Hundreds, even thousands, of North Carolinians in the 1960’s can claim hero status. But their quest for justice and equality were inspired by men and women who fought bravely a hundred years before them.
My choice for the greatest comes from those early times. About 10 years ago, I read David Cecelski’s “The Waterman’s Song.” It introduced me to Abraham Galloway, an ex-slave from Wilmington who became an incredible leader of blacks in North Carolina during the Civil War and later in state government. Cecelski described how Galloway packed into his short life a story of an escape from slavery, intrigue and dedication, leadership and audacity that could compete with those of a fictional spy like James Bond as well as extraordinary political vision and achievements.
Galloway was the son of a white father and a slave mother. His slave master trained him as a brick mason and allowed him to work on his own, provided that he brought in at least $15 a month.
In 1857, Galloway escaped and made his way to Philadelphia, and later to Canada, where he gained employment at $1.75 a day. Soon he was back in the United States, giving antislavery speeches and associating himself with the abolitionist movement.
As the Civil War began, Galloway returned to the South where he participated in intelligence activities for the Union in areas controlled by the Confederates.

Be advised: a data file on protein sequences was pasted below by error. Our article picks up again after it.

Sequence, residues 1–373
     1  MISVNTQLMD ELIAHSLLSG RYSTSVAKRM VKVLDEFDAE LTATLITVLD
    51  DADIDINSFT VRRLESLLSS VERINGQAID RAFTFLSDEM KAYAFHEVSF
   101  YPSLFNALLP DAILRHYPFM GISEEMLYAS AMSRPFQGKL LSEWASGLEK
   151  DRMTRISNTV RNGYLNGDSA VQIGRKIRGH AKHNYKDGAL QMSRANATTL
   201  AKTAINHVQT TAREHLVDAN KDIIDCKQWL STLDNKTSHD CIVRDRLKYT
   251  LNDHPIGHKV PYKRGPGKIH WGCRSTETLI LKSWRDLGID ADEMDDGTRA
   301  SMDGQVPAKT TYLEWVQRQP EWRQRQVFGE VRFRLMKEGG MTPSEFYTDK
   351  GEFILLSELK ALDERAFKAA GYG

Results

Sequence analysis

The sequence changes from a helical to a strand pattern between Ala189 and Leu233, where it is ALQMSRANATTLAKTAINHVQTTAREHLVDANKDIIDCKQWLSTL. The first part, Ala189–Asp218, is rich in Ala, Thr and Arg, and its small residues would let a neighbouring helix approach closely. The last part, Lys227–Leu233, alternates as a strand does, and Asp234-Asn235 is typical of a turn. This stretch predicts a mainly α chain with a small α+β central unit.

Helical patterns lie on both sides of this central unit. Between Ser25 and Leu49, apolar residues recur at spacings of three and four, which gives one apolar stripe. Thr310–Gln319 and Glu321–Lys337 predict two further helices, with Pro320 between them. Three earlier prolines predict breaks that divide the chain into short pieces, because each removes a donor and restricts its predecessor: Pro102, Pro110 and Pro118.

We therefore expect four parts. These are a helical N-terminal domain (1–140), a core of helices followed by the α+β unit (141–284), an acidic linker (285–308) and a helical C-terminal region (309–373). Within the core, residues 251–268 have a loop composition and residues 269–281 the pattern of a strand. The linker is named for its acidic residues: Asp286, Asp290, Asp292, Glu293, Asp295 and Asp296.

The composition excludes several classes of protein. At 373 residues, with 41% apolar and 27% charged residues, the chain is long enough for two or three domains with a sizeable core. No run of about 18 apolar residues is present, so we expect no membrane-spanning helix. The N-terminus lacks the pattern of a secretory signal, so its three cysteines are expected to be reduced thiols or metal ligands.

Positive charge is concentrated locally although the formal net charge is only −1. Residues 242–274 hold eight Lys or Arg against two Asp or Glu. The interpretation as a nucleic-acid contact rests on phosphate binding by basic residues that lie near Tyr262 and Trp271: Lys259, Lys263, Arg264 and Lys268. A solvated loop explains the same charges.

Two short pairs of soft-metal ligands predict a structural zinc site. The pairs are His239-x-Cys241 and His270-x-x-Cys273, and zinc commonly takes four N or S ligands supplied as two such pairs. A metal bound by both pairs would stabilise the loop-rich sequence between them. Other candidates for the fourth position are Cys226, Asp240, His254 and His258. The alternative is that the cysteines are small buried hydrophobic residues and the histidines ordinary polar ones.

When Union forces captured New Bern in March 1862, it became a haven for thousands of runaway slaves and Galloway organized them for Federal service. He developed into an accomplished political leader and organizer. When Union recruiting agents initially approached Galloway about organizing black recruits for the Union Army, he demanded, as a condition of his cooperation, “equal pay, provision for black soldiers’ families, schooling for their children, and assurances that the Union would force the Confederacy to treat captured blacks as prisoners of war, not to be executed like traitors.”
In the months after the Civil War, using the organized blacks in New Bern as his political base, Galloway called a freedmen’s convention in Raleigh and he soon commanded statewide influence. Returning to his home base in Wilmington, Galloway was elected to the state constitutional convention where his powerful oratory inspired blacks and frightened conservative whites. Later that year he was elected to the state senate. His sharp sense of humor and debating skills made conservatives avoid a direct argument with him.
If Galloway was so important, why haven’t we heard more about him?
One important reason is his early death in 1870 at age 33.
The main reason, though, might be that, until now, there was no comprehensive biography of Galloway. Now, thanks to Cecelski’s new book, “The Fire of Freedom: Abraham Galloway and the Slaves’ Civil War,” just published by UNC Press, Galloway’s life and accomplishments could become one of North Carolina’s showcase history stories, like the Lost Colony, Blackbeard, and the Wright Brothers.
On UNC-TV’s North Carolina Bookwatch this weekend, I ask Cecelski why it took him so long to write “The Fire of Freedom.”
“Galloway’s story is a great mystery solved,” responds Cecelski. “It’s as if Samuel Adams or Paul Revere from the Revolution had been hidden from us.
“Here in North Carolina we had this extraordinary individual, this courageous leader, Union spy, this visionary, who was one of the most important African American leaders in American history and nobody knew about him.
“To pull him out of where his story was hidden eventually took me to almost 60 archives in 14 or 15 different states and four countries.”
The result is worth the 10-year wait.
Don’t miss the chance to learn more about this newly recognized North Carolina hero from David Cecelski on Bookwatch as he talks about his long search for Abraham Galloway.